With Lincoln’s death, Andrew Johnson, the Tennessee Democrat who had been his bipartisan running mate, became president. While he had opposed secession by his home state, because of his strong belief in the Union, he was a former slaveholder who sought no basic change in the social structure of the South.

Johnson remained loyal to the traditional Democratic policy. In his view, the South should not be punished and should be free within the Union to shape its own relationship with the freedmen.

Johnson’s views set him on a collision course with the so-called Radical Republicans who dominated Congress. Howard was caught in the middle, trying to do the job set for him by Congress but at odds with the president. As a military officer, he had no choice but to follow the increasingly restrictive policy of the commander in chief.

The president quickly moved to nullify Howard’s efforts to distribute abandoned lands, and allowed them to be returned to their southern owners. But when he vetoed legislation to expand funding for the Freedmen’s Bureau, Congress openly challenged the president by overriding his veto.

As Howard struggled to find ways to aid the freedmen, the battles between Johnson and the Radical Republicans escalated. Johnson wanted to get rid of Secretary Stanton, who was closely aligned with the Republicans. But Congress passed a law over Johnson’s veto intended to prevent him from removing cabinet members without the Senate’s consent.

Claiming the law was unconstitutional, Johnson removed Stanton. This action led to his impeachment by the House of Representatives. But, by a single vote, the Senate refused to remove him from the presidency. One of the courageous Republican votes for Johnson was cast by Maine Sen. William Pitt Fessenden, who believed that the president had acted within his authority.

As this conflict wore on, Howard increasingly had to give way to Johnson’s policies, despite the support of Fessenden and other Radicals. He saw funding for his Bureau gradually cut.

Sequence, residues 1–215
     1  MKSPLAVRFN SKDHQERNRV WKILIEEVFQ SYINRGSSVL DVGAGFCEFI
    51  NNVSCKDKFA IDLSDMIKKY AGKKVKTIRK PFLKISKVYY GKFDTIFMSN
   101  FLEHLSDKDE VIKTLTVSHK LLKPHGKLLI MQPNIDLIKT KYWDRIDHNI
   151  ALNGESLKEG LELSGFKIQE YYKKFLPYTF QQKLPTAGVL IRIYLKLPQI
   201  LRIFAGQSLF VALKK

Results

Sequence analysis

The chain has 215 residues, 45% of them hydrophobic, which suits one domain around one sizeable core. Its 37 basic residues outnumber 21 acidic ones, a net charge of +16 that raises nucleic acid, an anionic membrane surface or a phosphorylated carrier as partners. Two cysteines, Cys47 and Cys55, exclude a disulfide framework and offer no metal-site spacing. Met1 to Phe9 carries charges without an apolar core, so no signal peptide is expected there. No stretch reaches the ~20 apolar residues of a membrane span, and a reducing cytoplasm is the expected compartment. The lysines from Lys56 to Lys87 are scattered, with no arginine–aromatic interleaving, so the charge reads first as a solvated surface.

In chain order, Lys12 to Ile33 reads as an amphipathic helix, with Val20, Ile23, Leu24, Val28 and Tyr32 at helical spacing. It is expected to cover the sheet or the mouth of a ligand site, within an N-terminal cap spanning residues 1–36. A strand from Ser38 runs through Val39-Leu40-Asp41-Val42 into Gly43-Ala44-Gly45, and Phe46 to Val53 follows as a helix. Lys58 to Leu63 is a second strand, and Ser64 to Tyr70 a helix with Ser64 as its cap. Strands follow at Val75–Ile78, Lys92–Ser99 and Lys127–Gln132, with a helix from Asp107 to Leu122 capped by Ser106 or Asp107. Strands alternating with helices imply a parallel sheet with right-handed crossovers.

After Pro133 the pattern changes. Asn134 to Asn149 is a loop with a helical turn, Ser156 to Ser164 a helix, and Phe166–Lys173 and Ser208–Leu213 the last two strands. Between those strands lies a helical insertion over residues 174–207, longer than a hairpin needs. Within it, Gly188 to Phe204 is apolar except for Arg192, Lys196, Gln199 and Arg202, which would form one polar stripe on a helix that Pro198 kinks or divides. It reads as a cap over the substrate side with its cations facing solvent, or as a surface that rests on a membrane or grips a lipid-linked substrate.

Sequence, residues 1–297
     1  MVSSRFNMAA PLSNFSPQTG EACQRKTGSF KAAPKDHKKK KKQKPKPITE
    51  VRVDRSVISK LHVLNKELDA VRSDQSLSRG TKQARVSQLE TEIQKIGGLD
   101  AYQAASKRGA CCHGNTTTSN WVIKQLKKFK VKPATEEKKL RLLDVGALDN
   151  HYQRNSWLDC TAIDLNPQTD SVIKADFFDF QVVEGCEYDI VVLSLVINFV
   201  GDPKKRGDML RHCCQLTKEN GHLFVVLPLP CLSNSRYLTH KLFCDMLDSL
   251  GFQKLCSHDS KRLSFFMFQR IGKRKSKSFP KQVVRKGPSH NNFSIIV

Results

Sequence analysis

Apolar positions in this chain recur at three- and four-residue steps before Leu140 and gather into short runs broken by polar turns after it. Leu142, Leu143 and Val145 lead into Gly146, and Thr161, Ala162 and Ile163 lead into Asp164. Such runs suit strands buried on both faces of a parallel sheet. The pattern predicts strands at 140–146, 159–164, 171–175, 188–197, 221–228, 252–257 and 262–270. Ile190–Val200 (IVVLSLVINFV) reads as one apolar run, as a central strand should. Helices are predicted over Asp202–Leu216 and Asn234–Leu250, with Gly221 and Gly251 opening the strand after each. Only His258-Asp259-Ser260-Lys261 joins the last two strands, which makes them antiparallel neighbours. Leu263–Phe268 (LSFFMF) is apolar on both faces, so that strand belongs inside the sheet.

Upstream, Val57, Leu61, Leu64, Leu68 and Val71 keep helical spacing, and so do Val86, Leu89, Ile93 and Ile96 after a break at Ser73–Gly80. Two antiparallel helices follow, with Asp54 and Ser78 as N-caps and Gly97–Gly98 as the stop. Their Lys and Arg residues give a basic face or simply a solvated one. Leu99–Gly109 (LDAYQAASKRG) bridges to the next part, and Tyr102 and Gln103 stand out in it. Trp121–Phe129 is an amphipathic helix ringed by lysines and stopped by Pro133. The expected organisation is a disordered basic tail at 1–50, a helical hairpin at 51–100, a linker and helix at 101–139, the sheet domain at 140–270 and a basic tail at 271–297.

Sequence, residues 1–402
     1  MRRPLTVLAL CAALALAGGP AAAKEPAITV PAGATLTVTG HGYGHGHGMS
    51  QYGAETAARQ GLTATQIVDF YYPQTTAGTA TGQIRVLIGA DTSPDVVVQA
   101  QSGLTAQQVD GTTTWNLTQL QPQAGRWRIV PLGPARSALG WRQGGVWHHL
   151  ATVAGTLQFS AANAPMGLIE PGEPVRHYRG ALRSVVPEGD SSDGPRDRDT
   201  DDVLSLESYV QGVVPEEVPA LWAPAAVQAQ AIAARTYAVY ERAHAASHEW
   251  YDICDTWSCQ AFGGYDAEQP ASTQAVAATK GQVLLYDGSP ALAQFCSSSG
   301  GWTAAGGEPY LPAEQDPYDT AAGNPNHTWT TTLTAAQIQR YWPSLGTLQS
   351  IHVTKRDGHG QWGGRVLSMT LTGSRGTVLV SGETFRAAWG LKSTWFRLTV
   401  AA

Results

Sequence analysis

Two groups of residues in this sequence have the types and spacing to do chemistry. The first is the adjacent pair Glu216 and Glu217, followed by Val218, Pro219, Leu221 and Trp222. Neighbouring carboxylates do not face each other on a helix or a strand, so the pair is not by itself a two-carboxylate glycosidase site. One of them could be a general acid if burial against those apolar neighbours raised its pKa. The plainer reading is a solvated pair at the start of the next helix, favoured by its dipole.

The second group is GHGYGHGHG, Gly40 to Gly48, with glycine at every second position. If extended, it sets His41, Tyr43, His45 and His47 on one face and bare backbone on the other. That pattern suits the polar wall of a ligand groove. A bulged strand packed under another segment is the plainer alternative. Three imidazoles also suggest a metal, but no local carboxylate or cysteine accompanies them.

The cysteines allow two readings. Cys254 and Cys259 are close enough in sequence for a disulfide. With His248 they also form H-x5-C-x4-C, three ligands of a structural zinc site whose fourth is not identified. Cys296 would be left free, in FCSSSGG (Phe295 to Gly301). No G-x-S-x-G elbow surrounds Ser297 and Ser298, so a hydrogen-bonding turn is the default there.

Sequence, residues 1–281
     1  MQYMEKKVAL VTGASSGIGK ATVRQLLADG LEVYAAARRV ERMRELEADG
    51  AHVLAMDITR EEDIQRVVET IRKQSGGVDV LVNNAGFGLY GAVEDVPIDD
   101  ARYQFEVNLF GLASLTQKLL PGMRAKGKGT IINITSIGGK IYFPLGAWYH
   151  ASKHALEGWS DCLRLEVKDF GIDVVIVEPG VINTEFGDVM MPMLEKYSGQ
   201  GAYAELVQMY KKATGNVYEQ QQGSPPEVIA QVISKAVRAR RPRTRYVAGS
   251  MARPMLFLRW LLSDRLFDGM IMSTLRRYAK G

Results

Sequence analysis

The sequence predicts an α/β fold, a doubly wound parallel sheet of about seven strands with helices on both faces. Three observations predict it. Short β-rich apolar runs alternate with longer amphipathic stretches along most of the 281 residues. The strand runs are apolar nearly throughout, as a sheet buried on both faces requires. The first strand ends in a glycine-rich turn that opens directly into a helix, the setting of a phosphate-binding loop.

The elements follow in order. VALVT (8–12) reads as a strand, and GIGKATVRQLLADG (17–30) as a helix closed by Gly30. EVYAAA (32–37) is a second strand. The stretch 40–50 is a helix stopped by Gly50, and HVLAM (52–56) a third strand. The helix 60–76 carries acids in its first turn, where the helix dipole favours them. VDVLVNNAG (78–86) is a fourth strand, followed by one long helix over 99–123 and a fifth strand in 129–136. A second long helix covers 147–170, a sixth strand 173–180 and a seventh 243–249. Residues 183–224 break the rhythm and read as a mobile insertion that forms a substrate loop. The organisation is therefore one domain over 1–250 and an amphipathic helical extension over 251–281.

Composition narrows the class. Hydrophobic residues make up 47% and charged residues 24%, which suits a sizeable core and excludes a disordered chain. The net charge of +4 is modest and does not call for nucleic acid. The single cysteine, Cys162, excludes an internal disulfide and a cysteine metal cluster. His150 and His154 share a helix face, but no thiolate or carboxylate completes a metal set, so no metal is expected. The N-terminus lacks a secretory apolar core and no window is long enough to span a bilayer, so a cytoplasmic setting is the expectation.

His experience had made Howard more of a realist. While he understood the South would not be punished and the new amendments were not likely to be enforced, he focused on education as his highest priority. If African Americans gained more education and had more trained leaders, they might fight effectively for their own rights.

The elementary school system in the South was weak, and, after Reconstruction, the states could close schools to African Americans. But institutions of higher education were privately financed, mainly by religious organizations, and could survive as the South returned to its old ways. Howard directed millions of dollars in bureau funds to them as well.

These institutes and universities grew across the South. The summit of the system was to be a new university in Washington, which would teach liberal arts, law, medicine and the full range of advanced studies. This university would be open to men and women of all races.

The university was chartered by Congress, and the new governing board decided that it should be named Howard University. So it happened that what was meant to be the leading academic institution for blacks in the United States was named for a white man from Maine.